Your tonearm is now properly balanced and calibrated so you can accurately set the tracking force for your stylus. The recommended tracking force for most cartridges is between 1.5 and 2 grams, but be sure to check your cartridge’s specific recommendations. To set the tracking force, rotate the counterweight, along with the ring, in a counterclockwise direction and stop when you reach your desired tracking force.
By following these steps, you can ensure that your turntable platter is properly balanced and your records sound their best.
Adjusting The Balance
Adjusting the balance of your turntable platter is a crucial step in getting the best sound out of your vinyl records. Here’s how to do it:
1. Start by turning off and unplugging your turntable.
2. Remove the platter from the turntable and flip it over to access the underside.
3. Check for any balancing weights on the underside of the platter. If there are none, you’ll need to add weights to balance it.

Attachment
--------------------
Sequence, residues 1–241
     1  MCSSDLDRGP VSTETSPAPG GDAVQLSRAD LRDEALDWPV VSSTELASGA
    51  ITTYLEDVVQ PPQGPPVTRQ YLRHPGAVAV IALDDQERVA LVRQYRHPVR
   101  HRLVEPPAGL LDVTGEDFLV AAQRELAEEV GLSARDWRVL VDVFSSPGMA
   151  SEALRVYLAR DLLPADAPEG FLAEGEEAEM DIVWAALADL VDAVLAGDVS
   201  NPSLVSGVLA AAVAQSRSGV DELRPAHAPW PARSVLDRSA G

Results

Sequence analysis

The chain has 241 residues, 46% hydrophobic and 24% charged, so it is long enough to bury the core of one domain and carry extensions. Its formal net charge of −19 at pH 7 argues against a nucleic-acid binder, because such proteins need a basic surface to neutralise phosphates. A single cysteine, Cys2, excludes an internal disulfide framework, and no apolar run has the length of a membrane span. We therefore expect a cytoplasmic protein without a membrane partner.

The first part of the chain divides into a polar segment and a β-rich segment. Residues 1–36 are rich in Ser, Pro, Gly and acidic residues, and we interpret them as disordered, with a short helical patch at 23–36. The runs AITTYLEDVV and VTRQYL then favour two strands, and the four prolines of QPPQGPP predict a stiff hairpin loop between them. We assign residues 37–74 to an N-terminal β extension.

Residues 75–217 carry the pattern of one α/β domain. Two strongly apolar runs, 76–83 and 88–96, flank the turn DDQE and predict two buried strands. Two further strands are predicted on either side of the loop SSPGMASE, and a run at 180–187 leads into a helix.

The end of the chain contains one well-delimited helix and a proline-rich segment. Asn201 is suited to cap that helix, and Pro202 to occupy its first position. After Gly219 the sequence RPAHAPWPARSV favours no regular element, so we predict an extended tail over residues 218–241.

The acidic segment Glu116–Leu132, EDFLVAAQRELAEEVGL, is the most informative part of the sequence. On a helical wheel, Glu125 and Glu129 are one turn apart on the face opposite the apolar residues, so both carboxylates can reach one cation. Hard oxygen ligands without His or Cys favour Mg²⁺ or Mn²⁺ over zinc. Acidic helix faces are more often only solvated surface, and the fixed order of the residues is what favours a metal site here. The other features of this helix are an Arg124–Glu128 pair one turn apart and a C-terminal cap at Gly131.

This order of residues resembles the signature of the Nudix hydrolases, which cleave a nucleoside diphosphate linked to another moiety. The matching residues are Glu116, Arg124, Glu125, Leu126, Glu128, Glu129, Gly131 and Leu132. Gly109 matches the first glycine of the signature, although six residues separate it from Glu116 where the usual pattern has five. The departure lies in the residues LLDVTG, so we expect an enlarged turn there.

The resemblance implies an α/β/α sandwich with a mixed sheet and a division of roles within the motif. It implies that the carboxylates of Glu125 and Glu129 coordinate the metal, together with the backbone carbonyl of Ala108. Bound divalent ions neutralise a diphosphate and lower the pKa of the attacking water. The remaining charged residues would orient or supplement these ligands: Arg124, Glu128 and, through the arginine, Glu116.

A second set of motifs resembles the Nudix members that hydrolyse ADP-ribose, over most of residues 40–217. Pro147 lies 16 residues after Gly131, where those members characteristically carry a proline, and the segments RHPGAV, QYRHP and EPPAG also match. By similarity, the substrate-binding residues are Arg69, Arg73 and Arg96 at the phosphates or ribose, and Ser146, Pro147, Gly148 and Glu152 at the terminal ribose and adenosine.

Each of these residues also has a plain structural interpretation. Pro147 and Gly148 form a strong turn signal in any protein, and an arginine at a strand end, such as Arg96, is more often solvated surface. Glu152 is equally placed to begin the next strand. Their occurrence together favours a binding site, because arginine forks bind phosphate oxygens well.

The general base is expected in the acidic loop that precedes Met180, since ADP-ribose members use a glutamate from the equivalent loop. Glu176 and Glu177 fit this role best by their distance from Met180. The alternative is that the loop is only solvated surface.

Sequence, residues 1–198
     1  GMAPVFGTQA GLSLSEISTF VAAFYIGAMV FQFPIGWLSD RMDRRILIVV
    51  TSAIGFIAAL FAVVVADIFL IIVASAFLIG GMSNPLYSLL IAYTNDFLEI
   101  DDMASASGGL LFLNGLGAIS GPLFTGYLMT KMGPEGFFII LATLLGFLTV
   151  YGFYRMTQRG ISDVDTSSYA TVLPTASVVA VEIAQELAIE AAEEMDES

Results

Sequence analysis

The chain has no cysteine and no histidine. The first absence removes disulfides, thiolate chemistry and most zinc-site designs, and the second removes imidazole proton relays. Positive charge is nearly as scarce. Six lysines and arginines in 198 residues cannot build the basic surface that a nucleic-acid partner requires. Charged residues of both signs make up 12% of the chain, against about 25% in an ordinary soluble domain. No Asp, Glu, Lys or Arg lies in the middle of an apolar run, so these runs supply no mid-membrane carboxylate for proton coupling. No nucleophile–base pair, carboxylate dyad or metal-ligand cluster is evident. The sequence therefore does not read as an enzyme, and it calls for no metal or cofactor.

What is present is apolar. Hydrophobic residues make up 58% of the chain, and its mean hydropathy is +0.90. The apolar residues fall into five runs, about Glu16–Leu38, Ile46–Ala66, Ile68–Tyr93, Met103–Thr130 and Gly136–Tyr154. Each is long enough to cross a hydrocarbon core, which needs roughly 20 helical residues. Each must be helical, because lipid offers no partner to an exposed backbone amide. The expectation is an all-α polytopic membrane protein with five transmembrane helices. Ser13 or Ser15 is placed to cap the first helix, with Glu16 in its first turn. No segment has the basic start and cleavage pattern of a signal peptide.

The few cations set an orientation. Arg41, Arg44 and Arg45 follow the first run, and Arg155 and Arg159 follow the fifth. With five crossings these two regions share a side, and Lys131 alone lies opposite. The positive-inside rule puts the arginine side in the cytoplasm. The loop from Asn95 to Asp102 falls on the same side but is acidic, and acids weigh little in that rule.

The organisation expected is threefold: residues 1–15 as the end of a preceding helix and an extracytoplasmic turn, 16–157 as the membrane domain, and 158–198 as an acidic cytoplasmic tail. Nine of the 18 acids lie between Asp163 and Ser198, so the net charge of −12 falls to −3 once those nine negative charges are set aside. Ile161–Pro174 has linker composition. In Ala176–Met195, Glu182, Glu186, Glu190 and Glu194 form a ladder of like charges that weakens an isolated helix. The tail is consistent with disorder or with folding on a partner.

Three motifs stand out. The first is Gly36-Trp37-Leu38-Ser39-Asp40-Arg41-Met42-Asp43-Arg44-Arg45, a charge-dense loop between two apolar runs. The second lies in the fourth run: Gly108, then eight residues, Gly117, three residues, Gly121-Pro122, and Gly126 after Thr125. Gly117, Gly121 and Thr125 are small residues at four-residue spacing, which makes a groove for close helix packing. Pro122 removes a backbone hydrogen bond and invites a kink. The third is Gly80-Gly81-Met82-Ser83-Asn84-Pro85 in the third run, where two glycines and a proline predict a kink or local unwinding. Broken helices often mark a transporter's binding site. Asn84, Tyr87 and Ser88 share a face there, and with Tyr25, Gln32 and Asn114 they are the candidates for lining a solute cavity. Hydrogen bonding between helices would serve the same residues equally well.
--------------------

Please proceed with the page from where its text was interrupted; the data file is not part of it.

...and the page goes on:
4. To add weights, use small adhesive weights or double-sided tape and place them evenly around the circumference of the platter.
5. Once you’ve added the weights, reattach the platter to the turntable and test it for balance again.
6. If the platter is still unbalanced, you may need to adjust the position of the weights. Remove them and try placing them in different positions until you achieve optimal balance.
7. Another way to adjust the balance is by using a bubble level. Place the level on top of the platter and adjust the weights until the platter is level.
8. Once you’ve achieved optimal balance, test your turntable again for any signs of wobbling or shaking.
By following these steps, you can ensure that your turntable platter is properly balanced and get the best sound possible from your vinyl records.